Half of new dads and partners who are entitled to paternity leave are being denied flexible working options, a new study has showed.
Research by the Trades Union Congress (TUC), which surveyed 2,000-plus parents with children under six years old, found that lower earners were even less likely to have their requests approved.
According to The Independent, which was given exclusive access to the findings, around two-thirds of those whose household incomes were below £40,000 reported having their requests for flexible working partially or completely refused. This compared to around half of those earning salaries of more than £40,000.
The report revealed that just over a third of dads and partners whose household incomes were below £40,000 had their full flexible working requests accepted, far fewer than the half with household incomes exceeding £40,000.
TUC general secretary Paul Nowak said: “Everyone should have access to flexible working, but far too many new parents don’t get the flexibility they ask for at work – particularly those in lower paid roles. As a result, dads and partners miss out on precious time with their children. And mums continue to shoulder most of the caring responsibilities which hits their earnings and careers. That’s not right.
“Flexibility must become the norm for all workers. Without it, inequality for women will worsen, and mums will continue to lose out on pay and opportunities at work.”
Calling for a change the law so that every job advert makes clear what kind of flexible working is available, Nowak explained this would help people understand before they take a role whether it works for them and their families. He added that workers should have the legal right to work flexibly from their first day in a job.
Commenting on the findings, Han-Son Lee, founder and CEO of parenting website for dads, DaddiLife, said: “The TUC research is another stark indication of just why we need to rethink our approach when it comes to modern day dads at work.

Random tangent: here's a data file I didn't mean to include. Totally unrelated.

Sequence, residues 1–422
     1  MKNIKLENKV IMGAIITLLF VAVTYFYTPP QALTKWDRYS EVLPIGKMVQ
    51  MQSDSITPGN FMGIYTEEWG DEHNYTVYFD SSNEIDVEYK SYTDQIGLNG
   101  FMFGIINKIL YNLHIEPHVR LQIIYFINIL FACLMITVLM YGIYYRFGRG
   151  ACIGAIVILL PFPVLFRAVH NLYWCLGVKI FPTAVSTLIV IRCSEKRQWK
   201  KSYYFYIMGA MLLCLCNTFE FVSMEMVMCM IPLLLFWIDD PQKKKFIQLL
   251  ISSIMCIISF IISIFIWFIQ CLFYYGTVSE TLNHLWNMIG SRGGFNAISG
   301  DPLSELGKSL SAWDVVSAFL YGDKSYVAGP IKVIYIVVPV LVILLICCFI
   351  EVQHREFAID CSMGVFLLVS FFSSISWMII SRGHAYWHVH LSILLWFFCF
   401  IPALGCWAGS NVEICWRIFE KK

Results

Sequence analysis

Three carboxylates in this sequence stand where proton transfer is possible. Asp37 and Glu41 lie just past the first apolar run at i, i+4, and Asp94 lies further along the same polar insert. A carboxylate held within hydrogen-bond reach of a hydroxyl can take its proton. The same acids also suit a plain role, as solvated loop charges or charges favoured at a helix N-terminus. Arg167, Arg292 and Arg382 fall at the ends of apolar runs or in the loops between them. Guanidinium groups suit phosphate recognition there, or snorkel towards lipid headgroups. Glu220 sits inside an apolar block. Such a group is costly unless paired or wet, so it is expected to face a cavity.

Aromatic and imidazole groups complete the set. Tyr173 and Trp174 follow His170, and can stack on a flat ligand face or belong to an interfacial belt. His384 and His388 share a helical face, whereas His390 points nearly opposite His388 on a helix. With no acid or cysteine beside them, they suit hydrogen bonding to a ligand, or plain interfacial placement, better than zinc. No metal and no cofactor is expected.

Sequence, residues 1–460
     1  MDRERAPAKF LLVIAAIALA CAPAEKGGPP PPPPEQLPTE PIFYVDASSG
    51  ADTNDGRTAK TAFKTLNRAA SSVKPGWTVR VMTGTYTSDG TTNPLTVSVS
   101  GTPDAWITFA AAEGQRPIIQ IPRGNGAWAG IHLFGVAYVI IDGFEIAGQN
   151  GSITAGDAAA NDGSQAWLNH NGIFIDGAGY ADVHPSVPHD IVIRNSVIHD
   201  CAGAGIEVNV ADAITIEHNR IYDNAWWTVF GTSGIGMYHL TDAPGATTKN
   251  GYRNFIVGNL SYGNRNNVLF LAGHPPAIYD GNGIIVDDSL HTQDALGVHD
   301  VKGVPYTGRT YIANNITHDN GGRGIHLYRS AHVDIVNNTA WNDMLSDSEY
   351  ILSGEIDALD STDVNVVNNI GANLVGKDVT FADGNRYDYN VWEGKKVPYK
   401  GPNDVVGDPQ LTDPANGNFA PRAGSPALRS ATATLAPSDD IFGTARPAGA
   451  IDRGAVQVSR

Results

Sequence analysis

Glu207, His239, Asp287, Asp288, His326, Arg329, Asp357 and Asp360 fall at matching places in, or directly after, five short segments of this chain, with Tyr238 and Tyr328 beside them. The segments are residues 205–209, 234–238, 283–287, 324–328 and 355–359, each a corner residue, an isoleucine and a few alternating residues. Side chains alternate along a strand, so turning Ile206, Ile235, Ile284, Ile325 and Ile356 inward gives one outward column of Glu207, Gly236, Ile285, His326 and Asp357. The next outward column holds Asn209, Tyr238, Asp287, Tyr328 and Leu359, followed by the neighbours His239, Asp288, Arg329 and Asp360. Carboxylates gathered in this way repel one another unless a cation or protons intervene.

“With 50% of new fathers being denied flexible working from their employers, this is holding back so many dads from the work–life relationship that’s truly representative of the modern-day dad they want to be – the father who is far more active and involved than in previous generations gone by.”
He highlighted that the findings correlate with DaddiLife’s own research in association with Deloitte, The Millennial Dad at Work, which discovered that a third of all new fathers had left their jobs in order to find better work–parental balance.
Lee explained: “If organisations don’t rethink their approach to fathers at work, I can only see that figure increasing as dads are increasingly ‘voting with their feet’ and exiting organisations at increasingly rapid rates.
“It’s true that dads themselves need to start ‘parenting loudly’ in their teams, but organisations too need to actively listen to how dads want to work and parent, and it’s a big reason behind why we’ve set up a mentoring scheme for dads that’s embedded into HR teams – to create the conversations and culture that is making change happen much quicker.”